Crown Prince Alexander and Crown Princess Katherine on 9 June attended another holy liturgy and requiem for King Peter II, Queen Alexandra, Queen Maria and Prince Andrej at the Royal Mausoleum in St. George Church in Oplenac.

For more information, pictures and videos see The Royal Family of Serbia.

The mysterious head of King Henri IV of France

Is a mummified skull found in a box in the attic of the retired tax collector Jacques Bellanger in 2008 the missing head of King Henri IV of France? Authors Stéphane Gabet and Philippe Charlier, who wrote the book “Henri IV: The Mystery of a Headless King”,  are convinced the head is his. The pathologist Charlier says that DNA tests show that the head has links to King Louis XVI. Lots of French researchers and royalty experts however say that there is not much scientific proof that the head is actually the King’s. Even the French royals don’t agree on the subject. Prince Louis de Bourbon, Duke of Anjou has taken the side of the authors. The Count of Paris thinks that there is not enough evidence.

If you also think that there should be a much more extensive research of the head before it can be buried in the royal burial church in Saint-Denis, France, just sign this petition by French researcher and royalty expert Philippe Delorme.

Landgrave Moritz von Hessen (1926-2013)

It is always sad when hearing about the death of a royal or noble you have seen several times. Landgrave Moritz von Hessen died on 23 May of a lung disease in a hospital in Frankfurt am Main, Germany, aged 86. The funeral will be held at the Johanniskirche in Kronberg im Taunus on 3 June (noon). The private funeral will be held afterwards. He will be missed a lot by his family and friends. The newspapers already report lots of royals and nobles will attend the funeral.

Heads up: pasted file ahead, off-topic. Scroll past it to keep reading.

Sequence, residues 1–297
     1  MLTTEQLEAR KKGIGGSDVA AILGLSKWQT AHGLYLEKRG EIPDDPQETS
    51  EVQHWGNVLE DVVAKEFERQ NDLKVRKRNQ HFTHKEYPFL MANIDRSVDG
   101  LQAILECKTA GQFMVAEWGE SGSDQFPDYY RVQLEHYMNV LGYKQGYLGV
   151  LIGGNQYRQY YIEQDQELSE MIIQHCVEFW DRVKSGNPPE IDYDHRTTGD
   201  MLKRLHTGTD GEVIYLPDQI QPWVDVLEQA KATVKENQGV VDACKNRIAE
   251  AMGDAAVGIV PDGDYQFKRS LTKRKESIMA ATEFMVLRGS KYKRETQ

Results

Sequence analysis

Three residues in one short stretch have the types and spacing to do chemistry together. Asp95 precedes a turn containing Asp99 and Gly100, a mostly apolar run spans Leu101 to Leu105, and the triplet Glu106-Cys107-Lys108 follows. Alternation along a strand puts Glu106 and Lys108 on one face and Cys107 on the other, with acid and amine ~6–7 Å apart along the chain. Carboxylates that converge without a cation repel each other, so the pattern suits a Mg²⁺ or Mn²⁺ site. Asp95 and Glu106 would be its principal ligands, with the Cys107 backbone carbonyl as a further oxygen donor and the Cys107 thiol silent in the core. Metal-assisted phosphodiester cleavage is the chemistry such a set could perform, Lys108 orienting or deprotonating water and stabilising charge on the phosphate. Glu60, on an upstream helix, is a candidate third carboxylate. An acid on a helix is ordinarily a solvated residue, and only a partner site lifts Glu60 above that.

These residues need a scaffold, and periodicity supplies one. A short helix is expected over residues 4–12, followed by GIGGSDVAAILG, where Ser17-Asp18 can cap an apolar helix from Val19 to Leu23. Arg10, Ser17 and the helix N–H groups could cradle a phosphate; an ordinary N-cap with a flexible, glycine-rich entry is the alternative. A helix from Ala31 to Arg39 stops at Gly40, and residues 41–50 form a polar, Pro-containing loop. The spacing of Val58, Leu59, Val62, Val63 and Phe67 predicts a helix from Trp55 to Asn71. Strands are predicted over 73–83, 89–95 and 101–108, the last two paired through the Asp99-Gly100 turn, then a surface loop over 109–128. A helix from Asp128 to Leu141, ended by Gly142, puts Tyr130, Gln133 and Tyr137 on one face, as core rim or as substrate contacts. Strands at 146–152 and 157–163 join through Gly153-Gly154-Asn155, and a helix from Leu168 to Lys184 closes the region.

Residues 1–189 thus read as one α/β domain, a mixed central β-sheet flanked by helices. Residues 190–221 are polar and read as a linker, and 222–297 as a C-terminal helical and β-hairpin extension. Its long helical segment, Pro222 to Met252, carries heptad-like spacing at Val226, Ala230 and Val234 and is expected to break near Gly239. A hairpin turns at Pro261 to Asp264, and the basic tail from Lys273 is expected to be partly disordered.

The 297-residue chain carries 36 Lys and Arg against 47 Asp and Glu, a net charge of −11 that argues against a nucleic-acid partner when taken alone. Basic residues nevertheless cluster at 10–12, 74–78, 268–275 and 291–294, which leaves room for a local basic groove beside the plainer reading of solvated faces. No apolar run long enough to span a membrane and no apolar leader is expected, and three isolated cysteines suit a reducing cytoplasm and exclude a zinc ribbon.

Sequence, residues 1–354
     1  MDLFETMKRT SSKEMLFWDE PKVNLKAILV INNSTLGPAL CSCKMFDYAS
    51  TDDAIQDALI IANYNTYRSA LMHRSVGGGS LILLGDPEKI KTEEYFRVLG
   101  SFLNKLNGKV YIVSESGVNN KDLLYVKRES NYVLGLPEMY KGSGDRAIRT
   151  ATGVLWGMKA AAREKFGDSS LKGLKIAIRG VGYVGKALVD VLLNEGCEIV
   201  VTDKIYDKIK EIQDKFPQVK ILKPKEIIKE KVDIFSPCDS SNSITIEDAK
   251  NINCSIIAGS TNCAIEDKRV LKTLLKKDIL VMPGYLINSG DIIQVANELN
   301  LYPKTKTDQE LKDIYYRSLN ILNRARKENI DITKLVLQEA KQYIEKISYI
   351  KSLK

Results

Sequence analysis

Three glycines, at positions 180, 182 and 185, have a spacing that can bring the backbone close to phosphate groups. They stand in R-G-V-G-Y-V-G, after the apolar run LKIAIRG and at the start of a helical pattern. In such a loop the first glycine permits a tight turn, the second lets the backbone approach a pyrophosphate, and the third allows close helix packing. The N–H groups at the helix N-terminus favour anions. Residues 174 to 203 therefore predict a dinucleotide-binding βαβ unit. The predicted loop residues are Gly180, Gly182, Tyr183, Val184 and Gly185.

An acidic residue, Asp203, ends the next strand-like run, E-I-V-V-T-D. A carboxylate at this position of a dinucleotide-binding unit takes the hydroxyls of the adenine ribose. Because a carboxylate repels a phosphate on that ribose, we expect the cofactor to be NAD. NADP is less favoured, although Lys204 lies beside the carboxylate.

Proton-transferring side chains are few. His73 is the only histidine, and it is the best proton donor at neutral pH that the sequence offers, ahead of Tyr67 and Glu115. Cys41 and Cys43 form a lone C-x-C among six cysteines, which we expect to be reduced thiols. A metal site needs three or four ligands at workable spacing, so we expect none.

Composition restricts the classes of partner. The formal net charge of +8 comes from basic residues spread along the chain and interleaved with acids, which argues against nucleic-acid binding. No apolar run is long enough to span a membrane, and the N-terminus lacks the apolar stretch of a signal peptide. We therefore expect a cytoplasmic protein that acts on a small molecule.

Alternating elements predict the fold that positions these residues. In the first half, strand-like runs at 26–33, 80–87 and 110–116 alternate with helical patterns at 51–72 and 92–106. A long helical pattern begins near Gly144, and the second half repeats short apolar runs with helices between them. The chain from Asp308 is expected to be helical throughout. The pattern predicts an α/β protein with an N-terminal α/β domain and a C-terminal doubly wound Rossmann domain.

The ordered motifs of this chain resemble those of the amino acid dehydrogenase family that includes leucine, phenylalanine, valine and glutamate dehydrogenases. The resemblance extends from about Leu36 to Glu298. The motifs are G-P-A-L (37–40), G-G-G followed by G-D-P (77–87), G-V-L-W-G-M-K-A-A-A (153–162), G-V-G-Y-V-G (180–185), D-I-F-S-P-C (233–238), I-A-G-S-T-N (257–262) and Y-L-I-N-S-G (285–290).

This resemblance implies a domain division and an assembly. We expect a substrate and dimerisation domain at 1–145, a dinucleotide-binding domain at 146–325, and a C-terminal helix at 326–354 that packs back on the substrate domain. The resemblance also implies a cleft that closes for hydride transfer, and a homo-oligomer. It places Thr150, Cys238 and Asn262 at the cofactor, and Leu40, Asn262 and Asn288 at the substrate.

Moritz was born at Racconigi Castle, Italy, as son of Landgrave Philipp von Hessen († 1980) and Princess Mafalda of Savoy. His mother died in the concentration camp of Buchenwald in 1944. In 1964 he married Princess Tatiana zu Sayn-Wittgenstein-Berleburg. The couple divorced in 1974 after having had four children: Mafalda (* 1965), Donatus (* 1966), Elena (* 1967) and Philipp (* 1970). The Landgrave is survived by his former wife, his four children, two children-in-law, ten grandchildren, and his sister Elisabeth. hessenThe last time I saw Landgrave Moritz von Hessen he still looked pretty healthy to me. Older but not frail. He was one of these people you thought would simply always be there. I was present – of course not as a guest – when both his sons got married. And like me he was in Potsdam when Prince Georg Friedrich of Prussia and Princess Sophie von Isenburg got married in August 2011. I of course had seen him arriving at the wedding. But we were accidentally staying at the same hotel also and the day after the wedding I came downstairs to have breakfast in the small breakfast room. He was eating at another table together with some other royals. Quite strange now to imagine that was our last “meeting”. I never spoke a word to him, but he seemed to be quite a nice person.